While choking is more likely to occur in children 3 years of age or younger, according to the American Academy of Pediatrics (based in Itaska, IL), choking emergencies can happen to anyone, at anytime.
Choking is unpredictable, but preventable with the right tools. Heimlich Heroes, a Deaconess initiative based in Cincinnati, Ohio, trains young people ages 7-14 how to recognize, respond to and prevent a choking emergency.
"We have trained more than 40,000 kids to date since our inception in 2013," says Program Manager Terri Huntington. "Our specially-designed 42-inch training dolls give kids hands-on practice to help cement the steps when performing the Heimlich Maneuver."
1. Make a fist with one hand.
2. With the palm-side of your hand facing up, place your hand at the belly button, and then roll your fist up. This places your fist correctly at the diaphragm.
3. Place your free hand around your fisted hand.
4. Begin thrusting inward and upward, like a "J" stroke. Repeat thrusts until the blockage is removed.
Heimlich Heroes' mission is to equip young people with the skills and knowledge to reduce preventable choking deaths. And that's what they did when Taylors Creek Elementary in Hinesville, Georgia, used their training program.
In August 2015, fourth graders Mariyah Carter and Ryan Lippy went through the training program alongside 250 classmates. Several months after the training, Mariyah put her new skills to work.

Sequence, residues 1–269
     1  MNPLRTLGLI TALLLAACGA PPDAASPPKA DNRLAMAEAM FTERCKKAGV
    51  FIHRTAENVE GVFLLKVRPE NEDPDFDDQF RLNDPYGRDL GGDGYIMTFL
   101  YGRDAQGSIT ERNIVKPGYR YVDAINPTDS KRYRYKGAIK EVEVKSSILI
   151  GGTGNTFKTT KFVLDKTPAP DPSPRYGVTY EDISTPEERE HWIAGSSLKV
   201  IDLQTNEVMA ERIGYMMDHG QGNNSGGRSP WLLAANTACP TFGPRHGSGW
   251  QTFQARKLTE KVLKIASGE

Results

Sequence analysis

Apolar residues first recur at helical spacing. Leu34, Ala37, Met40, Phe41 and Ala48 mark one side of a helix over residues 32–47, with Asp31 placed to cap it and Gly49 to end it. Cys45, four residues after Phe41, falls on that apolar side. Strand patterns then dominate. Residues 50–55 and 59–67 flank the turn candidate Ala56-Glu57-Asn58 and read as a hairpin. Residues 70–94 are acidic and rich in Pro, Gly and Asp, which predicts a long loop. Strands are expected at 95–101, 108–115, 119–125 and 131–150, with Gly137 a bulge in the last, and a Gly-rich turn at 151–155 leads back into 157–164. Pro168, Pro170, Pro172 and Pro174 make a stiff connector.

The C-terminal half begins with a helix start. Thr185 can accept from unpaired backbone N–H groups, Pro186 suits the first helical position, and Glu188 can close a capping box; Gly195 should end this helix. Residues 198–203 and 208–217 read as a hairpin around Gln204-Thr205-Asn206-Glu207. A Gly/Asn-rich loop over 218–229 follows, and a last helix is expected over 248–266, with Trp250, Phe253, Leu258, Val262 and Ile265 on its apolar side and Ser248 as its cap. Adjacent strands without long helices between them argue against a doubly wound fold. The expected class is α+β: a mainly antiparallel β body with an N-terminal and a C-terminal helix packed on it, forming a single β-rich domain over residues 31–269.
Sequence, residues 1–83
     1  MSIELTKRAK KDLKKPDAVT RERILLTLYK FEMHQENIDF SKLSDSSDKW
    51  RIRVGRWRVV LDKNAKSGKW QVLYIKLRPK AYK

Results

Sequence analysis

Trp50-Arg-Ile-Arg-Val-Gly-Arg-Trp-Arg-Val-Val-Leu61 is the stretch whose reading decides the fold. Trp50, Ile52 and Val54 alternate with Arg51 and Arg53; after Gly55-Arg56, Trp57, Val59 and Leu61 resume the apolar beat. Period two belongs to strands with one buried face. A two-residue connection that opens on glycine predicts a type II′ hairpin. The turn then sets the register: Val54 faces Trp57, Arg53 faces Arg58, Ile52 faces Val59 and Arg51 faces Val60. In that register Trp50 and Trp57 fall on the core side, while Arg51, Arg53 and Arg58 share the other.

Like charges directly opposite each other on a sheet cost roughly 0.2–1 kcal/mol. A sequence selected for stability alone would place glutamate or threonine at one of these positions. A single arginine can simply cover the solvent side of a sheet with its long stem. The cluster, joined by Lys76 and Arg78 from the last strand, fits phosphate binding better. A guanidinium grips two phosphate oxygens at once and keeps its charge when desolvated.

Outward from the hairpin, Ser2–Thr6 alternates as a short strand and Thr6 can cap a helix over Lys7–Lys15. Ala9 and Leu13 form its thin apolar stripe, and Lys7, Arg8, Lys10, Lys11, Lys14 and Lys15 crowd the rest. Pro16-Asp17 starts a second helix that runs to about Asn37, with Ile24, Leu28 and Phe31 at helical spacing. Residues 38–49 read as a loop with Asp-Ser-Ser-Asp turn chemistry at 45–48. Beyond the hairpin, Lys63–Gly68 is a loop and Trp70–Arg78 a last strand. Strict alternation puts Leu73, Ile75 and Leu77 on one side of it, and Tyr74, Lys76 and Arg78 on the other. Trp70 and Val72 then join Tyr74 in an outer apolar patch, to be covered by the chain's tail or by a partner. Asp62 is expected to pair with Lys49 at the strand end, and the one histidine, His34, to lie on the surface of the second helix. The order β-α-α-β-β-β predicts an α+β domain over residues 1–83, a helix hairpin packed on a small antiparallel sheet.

"Ryan was choking. He started gagging and his face was turning red," Mariyah said in a statement made to personnel at Taylors Creek Elementary.
When Ryan began choking on a piece of bread at lunch, Mariyah asked him if he was choking, walked around the table and performed the Heimlich Maneuver on him.
"Mariyah saved my life," Ryan says. "I think all kids and adults should know how to do the Heimlich."
School nurse Melissa Lanier ran the program with help from the school's PE Staff: Coach Brennan, Coach Polk, and Coach Flowers. When news spread about Taylors Creek very own Heimlich Hero, Lanier took pride in her student.
"Aside from just being super proud, I was humbled by her actions," Lanier says. "She just blew me away and showed me how young people can change the world in the blink of an eye with the right tools."
Heimlich Heroes is now used as part of the school's ongoing curriculum to teach students preparedness for a choking emergency.
"We have had two teachers save someone using the Heimlich and one student save a friend," Lanier says. "Those three lives saved are why we will continue to train as long as we can. We all benefit."
The Heimlich Heroes program is accessible to anyone in the world through their training-in-a-box. It provides all the necessary materials, including a video lesson and training dolls for hands-on practice.
To expand the program's reach, Heimlich Heroes also has released a Spanish program translation.
To learn more about Heimlich Heroes or how to register your group for training, visit www.heimlichheroes.com.
-- Content courtesy of BPT